Meet the right people before you give birth - When you learn during your prenatal care that your baby's genitals look different than expected and might need to be assessed for a DSD, it is important to be referred as soon as possible to a paediatric endocrinologist (a hormone doctor) with experience in DSD.

DSD teams across the UK and elsewhere can usually be found in larger hospitals. By doing this, you will already have established a point of contact - which will be helpful for the DSD team too. You may also get access to psychological support prior to and immediately after the birth which is really useful to help you understand the development of your baby, to help you think through what to say to friends and families, etc.  In general, meeting the right experts before you give birth will put you (a bit more) in control of events after the birth.

You might not feel like it… but finding out there are complications before baby arrives is actually a good position to be in. It gives you time to plan and prepare where you wouldn't have had that opportunity before. You can talk things through, and decide what you will be telling your immediate family, and wider circles. It can also take a lot of the pressure off decision making in those very early days.

Don't ask for a 'best guess'- it does more harm than good. Any guess only has a 50% chance of working in your favour.

If you are going to google, do it only to inform yourself - Doctors have a hard- enough time figuring it out- you are not going to get a diagnosis from google. Personally, I like to be informed. I took comfort in having a (sometimes very) vague recognition of some of the terms used in meetings with doctors. I knew our best case, and our worst and I was prepared for both.

Think ahead... Ask before the birth to be allocated a side room (private room) after delivery. It should be offered, but do check. Also ask whether you may request that non-essential hospital staff do not to enter your room. Whilst your doctors, midwife and HCA will all know your circumstances the ‘Bounty lady’, porter and cleaner will not! ‘Is it a boy or a girl?’ is most often the first question that people ask. It is really difficult to answer when you are unprepared for it.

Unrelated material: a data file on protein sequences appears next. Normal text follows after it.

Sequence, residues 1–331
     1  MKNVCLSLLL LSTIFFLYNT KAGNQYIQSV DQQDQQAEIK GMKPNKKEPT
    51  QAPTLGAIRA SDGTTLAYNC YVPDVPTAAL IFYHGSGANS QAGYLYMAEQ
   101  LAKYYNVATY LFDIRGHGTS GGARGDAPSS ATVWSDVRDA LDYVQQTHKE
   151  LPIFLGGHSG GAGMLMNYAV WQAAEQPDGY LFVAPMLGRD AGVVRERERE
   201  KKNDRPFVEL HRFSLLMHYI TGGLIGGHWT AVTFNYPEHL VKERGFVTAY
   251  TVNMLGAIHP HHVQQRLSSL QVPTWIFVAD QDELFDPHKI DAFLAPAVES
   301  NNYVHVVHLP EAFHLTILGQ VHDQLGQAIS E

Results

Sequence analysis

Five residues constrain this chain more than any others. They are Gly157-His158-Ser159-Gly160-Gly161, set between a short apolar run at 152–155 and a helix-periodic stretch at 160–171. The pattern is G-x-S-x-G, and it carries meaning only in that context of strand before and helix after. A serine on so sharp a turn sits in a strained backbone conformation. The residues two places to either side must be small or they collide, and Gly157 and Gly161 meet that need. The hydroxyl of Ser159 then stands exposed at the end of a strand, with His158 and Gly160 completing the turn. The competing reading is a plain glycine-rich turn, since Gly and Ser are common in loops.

Be wary of ultrasounds... It is common to stay several days in the maternity hospital, to recover from birth and whilst you wait for initial blood results to come back. During this time ultrasounds are sometimes done to check how your baby developed internally. I only learned afterwards that ultrasounds in these circumstances can be unreliable - I wish someone had told me that.

Ask questions. Ask as many questions as you need to get an understanding. Keep a notepad, write them down. There is no such thing as a stupid question.

Part of what I struggle with... is that if my child had, for example, Osteogenesis Imperfecta, or a birthmark on his face I would talk to people about it. I would explain what it is, how it affects him (and us). I'd probably explain, in brief, how treatment and management works for him. I'd probably be proactive in organising fundraising and awareness events in my local community.                                                                    It would help me to process and deal with things. That's just the way I am. But this is my child's genitals, not his bones, or his face. By doing any of the above I would be betraying his fundamental right to keeping his privates well, private. It will be his decision as to what he shares with whom as he gets older. I hope I can teach him resilience and empowerment to deal with any difficult situations. What I won't do is put it 'out there' in his behalf.

Allow your birth plan to factor in your unusual circumstances - in whatever way you need. This was my third baby, but the first I had written a birth plan for. It simply said: ‘Where possible I would like rapid skin to skin, however could you please discreetly place a nappy on the baby first.’ I wanted to celebrate and enjoy the moments after the baby's birth just as I did with my other two babies. I didn't want to be focused how it might look 'down there'. For me, the nappy would have removed the temptation to let it overtake that precious time. I talked it through with the midwife and she was happy with it.

As it turned out it didn't happen like that. Baby arrived blue and floppy (unrelated to DSD), and was whisked to the rhesus trolley. At that moment I couldn't care less what the bits looked like as long as my baby was alive. When we did get him back he was placed on my chest and I knew right then that all of my worry about whether or not I would be able to love my 'it'*baby was gone.

Mum of A, 7 months, and a great little boy. A’s antenatal diagnosis was 46XY DSD presenting with severe hypospadias & bifid scrotum. Following testing, diagnosis was changed to Ovotestis. *

I have referred to my baby as an ‘it baby’. Whilst I understand that this is not a pleasant or appropriate term it is honest to the way I felt at the time.